June 29, 2021 - The City of Fort Wayne’s Public Arts Commission joined by Mayor Tom Henry, City Council Members and other city leaders held a series of dedication ceremonies for murals featuring Hometown Heroes called Faces of the Fort.

The project focuses on celebrating the culture of Fort Wayne’s diverse population by preserving the history of Fort Wayne's diverse neighborhoods while highlighting people who have made contributions to the advancement of civil rights social justice and immigrant quality of life in our community.

Artists used stories submitted by residents about community leaders who have contributed to social justice efforts to create the Faces of the Fort murals.  Faces of the Fort was a conceptual project suggestion in the Public Art Master Plan, Art for All, and is the first project the Public Art Commission has initiated.

The southeast mural, located at 4307 South Anthony Boulevard, depicts Irene Paxia, nominated for her work with Amani Family Services in interpretation services and community support for immigrants and refugees, and William E. Warfield, Fort Wayne’s first Black real estate investor and publisher of the city’s first Black newspaper, The Vindicator.  The mural artist is Kacy Jackson.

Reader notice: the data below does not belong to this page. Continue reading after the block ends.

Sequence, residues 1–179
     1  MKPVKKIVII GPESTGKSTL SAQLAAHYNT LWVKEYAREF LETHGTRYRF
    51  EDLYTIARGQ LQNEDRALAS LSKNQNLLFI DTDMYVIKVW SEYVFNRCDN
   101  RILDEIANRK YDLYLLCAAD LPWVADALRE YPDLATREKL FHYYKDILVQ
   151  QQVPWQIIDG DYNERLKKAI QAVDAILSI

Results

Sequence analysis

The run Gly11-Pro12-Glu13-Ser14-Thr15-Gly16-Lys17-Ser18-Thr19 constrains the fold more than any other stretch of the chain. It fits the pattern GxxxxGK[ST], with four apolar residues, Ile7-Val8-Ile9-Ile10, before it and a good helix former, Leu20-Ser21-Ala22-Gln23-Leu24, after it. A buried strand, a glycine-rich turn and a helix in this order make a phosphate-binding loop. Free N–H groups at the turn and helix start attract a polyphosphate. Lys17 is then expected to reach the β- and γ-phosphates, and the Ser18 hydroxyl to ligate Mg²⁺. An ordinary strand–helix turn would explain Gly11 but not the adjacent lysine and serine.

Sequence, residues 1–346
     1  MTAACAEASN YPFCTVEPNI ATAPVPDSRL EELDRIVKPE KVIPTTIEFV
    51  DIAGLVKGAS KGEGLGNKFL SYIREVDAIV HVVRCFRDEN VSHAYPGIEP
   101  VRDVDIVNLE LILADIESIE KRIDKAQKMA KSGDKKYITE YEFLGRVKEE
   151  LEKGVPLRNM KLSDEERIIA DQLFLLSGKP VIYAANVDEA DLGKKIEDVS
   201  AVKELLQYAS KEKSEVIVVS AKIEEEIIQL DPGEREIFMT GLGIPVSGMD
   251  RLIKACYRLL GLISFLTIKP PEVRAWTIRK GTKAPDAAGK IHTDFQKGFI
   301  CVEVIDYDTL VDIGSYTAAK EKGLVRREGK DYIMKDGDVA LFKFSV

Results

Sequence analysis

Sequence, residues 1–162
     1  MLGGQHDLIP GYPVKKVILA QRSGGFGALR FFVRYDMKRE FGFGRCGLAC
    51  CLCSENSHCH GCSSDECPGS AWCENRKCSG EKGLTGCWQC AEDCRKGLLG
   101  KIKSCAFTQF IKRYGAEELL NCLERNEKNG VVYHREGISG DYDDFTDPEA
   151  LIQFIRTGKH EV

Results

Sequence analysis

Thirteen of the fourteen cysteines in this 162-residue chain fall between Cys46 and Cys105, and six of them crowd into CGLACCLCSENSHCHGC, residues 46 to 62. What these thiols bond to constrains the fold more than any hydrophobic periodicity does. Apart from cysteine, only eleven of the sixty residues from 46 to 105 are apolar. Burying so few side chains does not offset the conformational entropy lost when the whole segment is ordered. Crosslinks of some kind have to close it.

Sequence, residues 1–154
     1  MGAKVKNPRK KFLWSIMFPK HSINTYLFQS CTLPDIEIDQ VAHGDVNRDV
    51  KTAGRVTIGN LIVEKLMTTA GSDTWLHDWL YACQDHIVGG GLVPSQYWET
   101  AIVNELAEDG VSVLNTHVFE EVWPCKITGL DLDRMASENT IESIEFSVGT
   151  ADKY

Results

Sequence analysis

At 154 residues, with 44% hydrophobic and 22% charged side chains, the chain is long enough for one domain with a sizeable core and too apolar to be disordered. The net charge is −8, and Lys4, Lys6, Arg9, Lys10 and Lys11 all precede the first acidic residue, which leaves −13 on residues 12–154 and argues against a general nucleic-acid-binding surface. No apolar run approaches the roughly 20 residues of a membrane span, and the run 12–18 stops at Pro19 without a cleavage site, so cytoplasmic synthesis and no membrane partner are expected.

The northeast mural, located at 1514 St. Joseph Boulevard, features City Councilman Glynn Hines, nominated for his work in civic engagement and fighting for justice for underserved communities, and Founder of the Resiliency Foundation, Genevieve Meyer, who is working to end child marriage in the state of Indiana and across the nation. The mural artist is Benjamin Duke.

The southwest mural, located at 1818 Bluffton Road, displays the Director at Language Services Network of Fort Wayne, Raquel Kline, nominated for her work in translation and interpretation services for immigrants and minorities, and Thomas Smith, Co-Founder and CEO of the Smith Academy for Excellence who is known for being a trailblazing educator in the Fort Wayne community. The mural artist is Mitchell Egly.

A committee comprised of members from the Fort Wayne Public Art Commission, local arts organizations, neighborhood groups, the African/African-American Historical Society, the immigrant and refugee community and the LGBTQ community selected artists to paint the murals, which will be designed based in part on the stories submitted by residents.

Additional information on each mural, the mural subjects and the artists can be found at www.FacesoftheFort.com.